What did work was podcasting. My 500+ episode podcast has over 1,000,000 listens. As it turned out, people prefer to listen to what I have to say, rather than read about it. Also, since I always have a guest on my podcast, I don’t have to do much (if anything) to distribute content. The guests do a lot of that for me.
The podcast created a direct connection between me and my audience and increased customer engagement with my other businesses. When it comes to the L&D niche, podcasting proved to be more effective than blogging for me. I love it!
Cornelius Fichtner, PM Exam Simulator
Sell Services Instead of Value
There are lots of marketing experts out there. Gurus, marketing influencers, SEO whizzes, social media geniuses. And among the vast array of professionals in the marketing industry, there can often be conflicting advice.
I’ve heard quite a few suggestions during my career as a digital agency owner that weren’t actually that effective for marketing my business. One example is social media strategy. For example, we’re often told to promote our services on social, and post as often as we can to help sell our services.
I was selling services instead of giving value., I ignored short-form video (I couldn’t be bothered)?, and I had stopped engaging. My growth and engagement had died.
So I focused on the context rather than the content, making sure I was giving lots of value wherever I could, not just saying “hey, look at me and my services.”
Nicholas Robb, Design Hero
Post Multiple Times a Day on Social Media
I remember when I first started my business, I was told by a marketing expert that I needed to post on social media multiple times a day, every day, in order to build up a following. So I dutifully began posting several times a day, but after a month or so, I noticed that my engagement rates were actually going down. I was starting to feel burned out from all the posting, and it was beginning to show in my content. So I decided to experiment with posting less often. Instead of posting several times a day, I began posting just once or twice a week. And you know what? My engagement rates went up!
It turns out that my audience was actually getting tired of seeing me post all the time, and they appreciated the break. So if you’re finding that a marketing tactic isn’t working for you, don’t be afraid to experiment and try something different. Chances are, you’ll find that the results speak for themselves.
Jim Campbell, Wizve – Digital & Affiliate Marketing Agency
Email Marketing is Dead
I know a few marketers who are convinced that email marketing is dead. They back it up with proof that many brands’ email marketing strategies are currently suffering from low ROI. However, I choose to believe otherwise. Email marketing as a tool is not really dead. The only issue is that some company practices are outdated. For instance, a lot of them are still using generic email subject lines and are not looking into the overall user experience.
As a digital marketing agency, email is an essential part of our business, so we can’t operate entirely without it. What gives us the edge over other agencies is we always make sure to update our practices and strike a balance between email marketing technicalities and personalization. That way, we are able to boost our email deliverability and improve our ROI.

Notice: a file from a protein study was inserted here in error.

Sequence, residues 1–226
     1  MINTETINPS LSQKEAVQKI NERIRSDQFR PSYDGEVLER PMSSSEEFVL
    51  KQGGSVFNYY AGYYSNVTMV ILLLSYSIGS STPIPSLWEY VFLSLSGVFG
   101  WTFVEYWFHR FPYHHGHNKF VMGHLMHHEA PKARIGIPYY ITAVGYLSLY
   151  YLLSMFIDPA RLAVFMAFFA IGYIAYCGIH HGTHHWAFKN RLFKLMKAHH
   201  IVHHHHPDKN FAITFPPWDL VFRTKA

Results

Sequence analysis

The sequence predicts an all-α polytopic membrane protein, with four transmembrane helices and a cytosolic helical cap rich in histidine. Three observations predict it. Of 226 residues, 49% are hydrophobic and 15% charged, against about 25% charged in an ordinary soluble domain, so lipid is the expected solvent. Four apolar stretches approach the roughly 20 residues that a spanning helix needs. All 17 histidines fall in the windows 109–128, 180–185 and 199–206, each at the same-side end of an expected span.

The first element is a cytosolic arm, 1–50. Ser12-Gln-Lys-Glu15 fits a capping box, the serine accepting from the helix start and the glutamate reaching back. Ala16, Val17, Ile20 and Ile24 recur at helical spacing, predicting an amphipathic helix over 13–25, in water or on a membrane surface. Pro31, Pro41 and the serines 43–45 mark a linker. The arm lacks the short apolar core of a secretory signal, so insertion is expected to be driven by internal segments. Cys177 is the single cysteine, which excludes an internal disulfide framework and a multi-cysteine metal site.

Create a Few High-Quality Pieces of Content
Creating a few pieces of excellent content may work if a few things are true:
1. You have a good domain authority already
2. You have the time and resources to dedicate towards outreach and link building tp get a good domain authority
Otherwise, it’ll fall flat and no one will see it. Instead, we focused on two things.
1. Creating a lot of content for our website
2. Creating a lot of content for other peoples websites in the form of guest posts.
Funnily enough, we’re on the front page of Google for thousands of keywords and most of those pages have no links pointing at them and they keep moving up the SERPs every month.
Don’t get me wrong, if you can do outreach to rank for some of the most competitive terms in your niche go for it. For everyone else, focus on quality and quantity to capture the long tail of the traffic in your niche. It pais just as well as the most competitive terms if you do it right.
Daniel Ndukwu, UsefulPDF
Do Everything Yourself
When first starting out, I listened to almost everyone who had something to say about marketing. I was willing to try anything if it meant getting more customers.
I did what they said – and while some of their ideas worked, others didn’t. And when they didn’t work, I felt like a failure because I hadn’t followed the advice that “expert” gave me.
One of the most common mistakes I see business owners make and one I used to make is trying to do everything themselves. They think that if they hire help, or buy tools, or give up some control over their marketing, then their business won’t succeed.
This isn’t true at all — outsourcing has worked for me and it has allowed me to free up my time for other more demanding and important tasks.
Hiring an assistant who can take over administrative tasks, outsourcing customer support so you can focus on sales and customer service. Pay an expert to do SEO for your website in order to rank higher in Google search results. Are all great tactics.